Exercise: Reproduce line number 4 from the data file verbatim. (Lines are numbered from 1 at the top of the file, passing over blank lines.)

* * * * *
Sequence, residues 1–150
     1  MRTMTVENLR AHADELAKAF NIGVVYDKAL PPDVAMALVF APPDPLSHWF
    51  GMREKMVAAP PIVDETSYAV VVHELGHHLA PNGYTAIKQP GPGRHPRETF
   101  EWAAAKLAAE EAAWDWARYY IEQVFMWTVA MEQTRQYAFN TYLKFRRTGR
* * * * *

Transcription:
   101  EWAAAKLAAE EAAWDWARYY IEQVFMWTVA MEQTRQYAFN TYLKFRRTGR